A venison pastry with some candied quince?
Your dusty journey must have made you dry.
Our cool Sicilian wine—


Nay, do not ply
My tensèd purpose with the dazing draught!
No wavering hand must launch the lethal shaft.
To business now!


Yes, we must lay our schemes.
He nothing braves who only bides and dreams.

CREECH: “Bulky object.” The adjective bulky didn’t come into use till the late 1680’s.

TISDALE: I wonder whether “creaking frogs” may not be a misreading for “croaking frogs.”

CREECH: One would have to see the manuscript.

TISDALE: If it is a misreading—which seems possible—the manuscript may be authentic.

He glances sidelong at Creech, who does not reply.


Placard: “The Duke’s Garden.” Spooky-Perfidio and Fran-Violante. A bench.


You do me too much honor, gentle sir,
To come so often to our stricken house,
Where rings no mirth nor music as of old,
Where sunlight scarcely enters.


My sweet lady,
No place is cheerless where your eyes do shine;
There needs no other music where your voice
Sounds softer and more melting than the lute.


Your compliments take all too far a flight:
They overshoot the mark.


They fall far short.
Let us sit upon this bench and drink the moonlight.
Bright Luna, how she silvers every leaf!
The trees are hung with tinsel; every stem
And petal is with tinfoil over-iced.
Rose, olive, e’en the tremulous mimosa
Scarce stir in this calm air that nothing sways,
Yet waft abroad their aromatic fragrance.
In this sad moment, we may envy England
For that upon her thriving state and mart
Another Dian sheds her steady radiance
And warrants peace while Sicily knows it not.


E’en Rome’s mad tyrants spake their subject’s tongue.

Chuck-Giovanni appears and stands listening.


And yet I almost think we are irked too much
By our discordant tongues. Were’t not the wiser
To learn their Frankish speech, so like our own,
And thus with courteous grace and argument
Persuade and cozen these unwise invaders,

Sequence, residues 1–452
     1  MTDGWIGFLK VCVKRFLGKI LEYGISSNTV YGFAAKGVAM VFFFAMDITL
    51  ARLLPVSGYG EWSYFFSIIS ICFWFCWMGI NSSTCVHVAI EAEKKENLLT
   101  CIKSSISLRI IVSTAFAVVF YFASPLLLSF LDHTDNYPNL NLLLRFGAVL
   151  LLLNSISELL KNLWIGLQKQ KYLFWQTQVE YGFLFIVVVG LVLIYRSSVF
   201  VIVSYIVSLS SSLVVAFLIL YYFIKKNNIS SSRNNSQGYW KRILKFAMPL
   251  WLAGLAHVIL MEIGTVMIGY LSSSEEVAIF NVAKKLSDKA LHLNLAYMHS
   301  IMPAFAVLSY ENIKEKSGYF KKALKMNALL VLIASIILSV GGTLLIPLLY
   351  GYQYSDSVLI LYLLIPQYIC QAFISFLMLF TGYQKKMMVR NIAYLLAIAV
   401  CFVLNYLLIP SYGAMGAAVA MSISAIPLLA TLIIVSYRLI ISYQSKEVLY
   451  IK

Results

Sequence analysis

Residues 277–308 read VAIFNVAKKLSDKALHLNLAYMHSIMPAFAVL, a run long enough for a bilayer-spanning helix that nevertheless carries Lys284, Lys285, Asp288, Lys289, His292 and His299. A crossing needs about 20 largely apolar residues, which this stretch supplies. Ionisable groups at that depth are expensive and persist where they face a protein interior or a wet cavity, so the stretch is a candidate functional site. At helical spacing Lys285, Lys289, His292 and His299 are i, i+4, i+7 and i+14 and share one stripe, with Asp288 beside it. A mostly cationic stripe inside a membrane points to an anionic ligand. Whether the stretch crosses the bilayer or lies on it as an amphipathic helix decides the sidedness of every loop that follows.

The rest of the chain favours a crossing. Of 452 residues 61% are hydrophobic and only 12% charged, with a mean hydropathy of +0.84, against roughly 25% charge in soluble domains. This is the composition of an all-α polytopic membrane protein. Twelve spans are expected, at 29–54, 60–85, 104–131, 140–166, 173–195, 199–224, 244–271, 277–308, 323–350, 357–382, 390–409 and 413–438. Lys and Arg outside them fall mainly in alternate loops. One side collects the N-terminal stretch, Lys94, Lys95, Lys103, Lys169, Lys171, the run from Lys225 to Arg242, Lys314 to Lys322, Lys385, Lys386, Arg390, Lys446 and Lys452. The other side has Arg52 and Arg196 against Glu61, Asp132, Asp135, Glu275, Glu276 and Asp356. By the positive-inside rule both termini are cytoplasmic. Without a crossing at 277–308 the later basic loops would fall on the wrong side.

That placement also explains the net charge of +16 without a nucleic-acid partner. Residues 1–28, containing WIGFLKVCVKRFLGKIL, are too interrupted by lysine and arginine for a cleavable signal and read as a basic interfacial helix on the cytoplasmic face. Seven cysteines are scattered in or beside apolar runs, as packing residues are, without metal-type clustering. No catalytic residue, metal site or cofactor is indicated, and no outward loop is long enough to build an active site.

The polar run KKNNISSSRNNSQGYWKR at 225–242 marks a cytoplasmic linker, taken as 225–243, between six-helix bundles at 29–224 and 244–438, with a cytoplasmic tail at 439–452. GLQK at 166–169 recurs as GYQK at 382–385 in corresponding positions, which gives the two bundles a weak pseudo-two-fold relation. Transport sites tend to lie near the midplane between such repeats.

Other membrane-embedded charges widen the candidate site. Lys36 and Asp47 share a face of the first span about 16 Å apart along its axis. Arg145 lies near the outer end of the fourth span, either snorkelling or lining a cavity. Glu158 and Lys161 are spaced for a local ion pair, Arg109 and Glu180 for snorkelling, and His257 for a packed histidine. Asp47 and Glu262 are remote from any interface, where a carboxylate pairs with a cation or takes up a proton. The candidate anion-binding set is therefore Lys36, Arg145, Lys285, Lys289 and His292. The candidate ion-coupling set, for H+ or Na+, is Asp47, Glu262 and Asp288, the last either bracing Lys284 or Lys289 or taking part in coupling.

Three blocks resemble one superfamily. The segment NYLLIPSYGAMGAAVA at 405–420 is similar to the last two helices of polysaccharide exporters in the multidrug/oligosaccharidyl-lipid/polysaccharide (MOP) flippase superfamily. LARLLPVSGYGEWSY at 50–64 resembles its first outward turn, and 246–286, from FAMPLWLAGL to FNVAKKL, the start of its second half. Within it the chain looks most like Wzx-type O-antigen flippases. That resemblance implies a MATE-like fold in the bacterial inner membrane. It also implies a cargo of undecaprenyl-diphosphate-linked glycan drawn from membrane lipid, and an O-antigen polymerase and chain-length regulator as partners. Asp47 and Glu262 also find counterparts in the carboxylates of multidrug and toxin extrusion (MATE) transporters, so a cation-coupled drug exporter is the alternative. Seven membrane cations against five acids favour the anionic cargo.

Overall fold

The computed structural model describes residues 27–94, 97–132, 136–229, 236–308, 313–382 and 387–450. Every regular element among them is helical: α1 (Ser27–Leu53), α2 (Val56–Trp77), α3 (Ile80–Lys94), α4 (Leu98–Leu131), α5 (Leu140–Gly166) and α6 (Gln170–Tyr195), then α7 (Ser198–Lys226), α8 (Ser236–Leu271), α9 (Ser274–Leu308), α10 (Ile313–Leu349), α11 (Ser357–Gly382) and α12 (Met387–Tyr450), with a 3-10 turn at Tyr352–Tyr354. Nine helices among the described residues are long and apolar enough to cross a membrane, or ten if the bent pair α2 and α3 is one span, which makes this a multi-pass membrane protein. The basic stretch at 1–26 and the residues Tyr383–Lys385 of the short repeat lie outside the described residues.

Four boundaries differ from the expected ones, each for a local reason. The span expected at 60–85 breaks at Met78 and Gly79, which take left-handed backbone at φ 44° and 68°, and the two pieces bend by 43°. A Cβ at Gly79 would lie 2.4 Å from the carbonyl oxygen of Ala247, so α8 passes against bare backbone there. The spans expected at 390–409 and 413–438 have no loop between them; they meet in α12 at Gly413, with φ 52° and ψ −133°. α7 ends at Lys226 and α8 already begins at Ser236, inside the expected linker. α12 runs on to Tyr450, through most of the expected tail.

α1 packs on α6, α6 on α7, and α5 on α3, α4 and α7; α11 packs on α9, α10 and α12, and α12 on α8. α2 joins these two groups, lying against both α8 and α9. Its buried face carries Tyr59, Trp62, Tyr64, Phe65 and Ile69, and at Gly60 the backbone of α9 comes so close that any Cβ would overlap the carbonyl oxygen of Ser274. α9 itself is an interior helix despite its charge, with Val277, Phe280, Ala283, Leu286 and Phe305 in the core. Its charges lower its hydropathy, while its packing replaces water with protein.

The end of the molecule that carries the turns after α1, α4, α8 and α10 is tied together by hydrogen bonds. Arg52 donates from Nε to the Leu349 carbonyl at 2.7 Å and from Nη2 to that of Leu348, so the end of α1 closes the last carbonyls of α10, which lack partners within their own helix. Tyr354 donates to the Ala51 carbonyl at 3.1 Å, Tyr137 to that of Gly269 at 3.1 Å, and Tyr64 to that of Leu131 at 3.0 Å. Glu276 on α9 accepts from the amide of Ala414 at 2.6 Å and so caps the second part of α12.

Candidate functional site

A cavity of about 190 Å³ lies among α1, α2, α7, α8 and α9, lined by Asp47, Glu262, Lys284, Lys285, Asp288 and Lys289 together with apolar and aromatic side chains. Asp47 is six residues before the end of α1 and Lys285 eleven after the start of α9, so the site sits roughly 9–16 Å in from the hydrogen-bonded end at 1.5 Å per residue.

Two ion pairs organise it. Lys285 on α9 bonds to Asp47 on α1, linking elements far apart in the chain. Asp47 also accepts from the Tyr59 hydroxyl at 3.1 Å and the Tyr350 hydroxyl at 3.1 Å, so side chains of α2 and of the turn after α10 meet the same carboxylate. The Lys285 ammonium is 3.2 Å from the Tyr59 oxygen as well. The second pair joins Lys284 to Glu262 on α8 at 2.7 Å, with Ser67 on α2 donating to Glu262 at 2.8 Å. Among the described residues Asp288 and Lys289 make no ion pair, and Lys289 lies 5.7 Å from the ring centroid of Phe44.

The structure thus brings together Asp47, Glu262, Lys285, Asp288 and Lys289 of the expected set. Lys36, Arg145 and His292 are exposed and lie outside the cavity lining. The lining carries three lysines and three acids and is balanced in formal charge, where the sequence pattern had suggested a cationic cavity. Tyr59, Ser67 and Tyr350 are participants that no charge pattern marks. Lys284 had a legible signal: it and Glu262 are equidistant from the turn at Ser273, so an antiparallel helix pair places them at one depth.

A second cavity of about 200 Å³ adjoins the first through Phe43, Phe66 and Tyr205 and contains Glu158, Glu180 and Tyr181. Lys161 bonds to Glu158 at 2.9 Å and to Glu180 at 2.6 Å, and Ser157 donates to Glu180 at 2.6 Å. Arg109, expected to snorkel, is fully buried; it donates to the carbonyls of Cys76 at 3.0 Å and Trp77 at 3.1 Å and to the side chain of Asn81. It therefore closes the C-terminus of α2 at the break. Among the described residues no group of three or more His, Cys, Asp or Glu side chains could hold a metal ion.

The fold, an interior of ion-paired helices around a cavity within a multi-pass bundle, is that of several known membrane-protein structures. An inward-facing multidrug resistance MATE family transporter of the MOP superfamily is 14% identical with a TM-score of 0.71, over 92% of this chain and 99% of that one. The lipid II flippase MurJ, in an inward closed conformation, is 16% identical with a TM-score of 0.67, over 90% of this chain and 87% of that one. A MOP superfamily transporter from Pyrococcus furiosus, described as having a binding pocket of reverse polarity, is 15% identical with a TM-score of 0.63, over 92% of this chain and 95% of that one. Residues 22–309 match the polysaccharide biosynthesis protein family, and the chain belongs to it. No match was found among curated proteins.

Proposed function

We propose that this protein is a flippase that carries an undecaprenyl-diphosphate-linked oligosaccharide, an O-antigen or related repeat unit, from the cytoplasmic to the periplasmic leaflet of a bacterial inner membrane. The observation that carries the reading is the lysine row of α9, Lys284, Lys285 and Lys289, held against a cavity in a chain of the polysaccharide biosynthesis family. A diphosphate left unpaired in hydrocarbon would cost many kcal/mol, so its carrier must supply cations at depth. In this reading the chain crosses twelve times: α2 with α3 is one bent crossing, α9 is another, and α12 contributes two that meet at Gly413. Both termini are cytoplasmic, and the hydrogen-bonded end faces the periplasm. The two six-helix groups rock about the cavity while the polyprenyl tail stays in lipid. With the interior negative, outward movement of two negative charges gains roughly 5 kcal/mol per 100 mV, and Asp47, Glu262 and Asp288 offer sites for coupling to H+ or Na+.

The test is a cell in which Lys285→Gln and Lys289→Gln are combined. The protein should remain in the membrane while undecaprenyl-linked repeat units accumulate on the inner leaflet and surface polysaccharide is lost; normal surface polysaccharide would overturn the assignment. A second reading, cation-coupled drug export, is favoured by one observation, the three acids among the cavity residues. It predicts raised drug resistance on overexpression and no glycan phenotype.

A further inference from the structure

Who scorn to learn a language not their own.

CHUCK-GIOVANNI (coming forward):

Such were the mark of vile subservience!
Our foes would scorn us for’t, believe us beaten.


Methinks your rebel spirit, my good monk,
Doth ill befit a meek Franciscan’s breast.


Christ drove the money-changers from the temple.


Saint Francis tam’d the wolf by loving kindness.
—And now farewell, sweet lady. I must leave you.
If there be aught of service I can render,
Remember that I’ve won some little credit
With those who harry us, and speak their jargon.
—Good night, good friar.

CHUCK-GIOVANNI (rather unconvincingly):

A blessing on thee, sir.
(When Perfidio has left, to Violante)
The moon is clear, yet lights it not our darkness
That lurks in arras’d hall and humble cottage.
See how the tall agave whets her spines,
Fierce as that craz’d Bacchante of old Greece
Whose name she bears—who, all unwitting, tore
Her hapless son to tatters and nail’d up
His bleeding head in Dionysus’ temple.
So, whetted well and witting well, our blades
Shall hack and rive the mazzard of no kinsman,
His kingly purple turn to purple gore!

The Duke enters.


I am unquiet, uncle and Giovanni.
I fear Perfidio: he comes too oft
And creeps too close, as if to catch our secrets,
And he doth question me while softly sighing
And pleading with his eyes, as he did woo me.
Anon his glance grows cold, his accents biting,
As when a sudden chill and nipping wind
The canker’d fruit of mellow autumn cuts.
I shrink and tremble then. I loathe his guts.

WINSLOW-DUKE (correcting this departure from the text):—“as at the sting”…


I shrink and tremble then, as at the sting
Of some much-fawning yet envenom’d thing.


I find him faithful, though he woos the Franks
As well as thee, so let us have no pranks
That might rebuff him. Bear with him awhile.
It costs but little gratefully to smile,
Avoid offense and never to reveal
We feign a friendship that we do not feel.
Alas, we all must learn now to dissemble,
No matter how we shrink nor how we tremble.

He withdraws.


The time for trembling’s past. Thy father dotes.
Thou hast the hardier spirit, Violante.
Once we are masters here, I mean to wed thee,
And make thee mistress of thy Sicily.


And Constance? Wilt thou wrest it from her talons?


Ay, she shall have her part. But I shall stand
Its guard and guarantor, with thee beside me.
These Spaniards flash and brag but we of Italy
By intellect do snuff their filmy flame.
—Violante, with another flame thou burnest.
Thou shalt be my consort and my counsellor.


I have waited long. When I was but a girl,
Medreamt a jet-black stallion pawed the turf
Before my door and bade me mount and ride him.


‘Tis I shall ride thee.


Shall we race abreast,
And see which steed shall give the other best?


That way lies danger. When two horses race,
They strain and jostle for the stopping-place.
Nay, though I spake of reigning side by side,
The mare must carry and the master ride.

TISDALE: The reference to Queen Elizabeth is quite out of place in the thirteenth century—but of course the Elizabethans did do those things.